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On the ascent

Vera Alves | March 19, 2012
CIO talks to three women IT executives tipping the gender imbalance in the sector as they take on leadership and decision-making posts.

Claudia Vidal: Never stop growing your career

As the general manager for business operations at Uniservices, the research and commercialisation company of the University of Auckland, Claudia Vidal says the main challenge is dealing with the clash of cultures that sometimes occurs when you get commercial clients talking to the university, as the two types of institutions often have very different focuses.

Making that communication work is part of Vidal's job, along with her team of 10 people working at the business operations side of Uniservices. She also leads the development of the business strategy and IT strategy, as well as supporting the team that does contract negotiation, and managing vendor relationships. It is a role that keeps Vidal busy but she wouldn't have it any other way. A mother and wife, in a dual career couple, Vidal also does a good job of managing the balance between her career and her personal life. As "flexible" as her work environment may be, Vidal says it is not a nine-to-five job and there is a lot of additional time involved. "I have a very supportive family. They appreciate what I do and my children are used to it," she says.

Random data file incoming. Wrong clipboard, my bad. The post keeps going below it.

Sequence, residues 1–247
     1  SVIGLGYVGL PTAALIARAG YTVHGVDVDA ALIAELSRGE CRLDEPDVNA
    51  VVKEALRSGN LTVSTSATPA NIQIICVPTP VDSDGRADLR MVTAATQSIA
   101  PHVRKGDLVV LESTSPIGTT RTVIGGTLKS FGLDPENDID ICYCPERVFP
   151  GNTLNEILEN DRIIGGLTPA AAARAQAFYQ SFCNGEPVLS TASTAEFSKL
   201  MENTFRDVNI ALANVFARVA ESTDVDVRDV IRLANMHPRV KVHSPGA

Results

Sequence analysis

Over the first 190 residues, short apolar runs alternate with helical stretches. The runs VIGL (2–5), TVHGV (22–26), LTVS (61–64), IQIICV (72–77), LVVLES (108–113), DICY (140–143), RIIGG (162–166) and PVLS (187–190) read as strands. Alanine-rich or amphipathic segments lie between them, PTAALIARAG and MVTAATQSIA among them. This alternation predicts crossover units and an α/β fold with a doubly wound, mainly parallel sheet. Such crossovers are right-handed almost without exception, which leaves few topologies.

Prior to Uniservices, she worked for a number of private sector companies including The Warehouse Group, TelstraClear, Air New Zealand and Johnson & Johnson.

Her role with the university presents her with new challenges and helps develop skills that the private sector roles did not necessarily call for but Vidal welcomes all the opportunities to evolve in her new career. "As with any kind of communication, there are no fixed rules, you get better at it as you go along," she says.

Vidal refuses to stop growing and evolving in her career. She has recently completed a course that granted her a certificate of company directorship with the Institute of Directors in New Zealand. "It was one of the best courses I have ever done," says Vidal. "The best part is the interaction with your peers."

The course taught her a lot about how to behave as a board member, what it entails to be a board member, what is required to be one and how to interact with other board members and contribute to the growth of the company. She says she definitely aspires to holding such a position in the future. "I have an interest in governance and business strategy so this has always been an ambition of mine."

 

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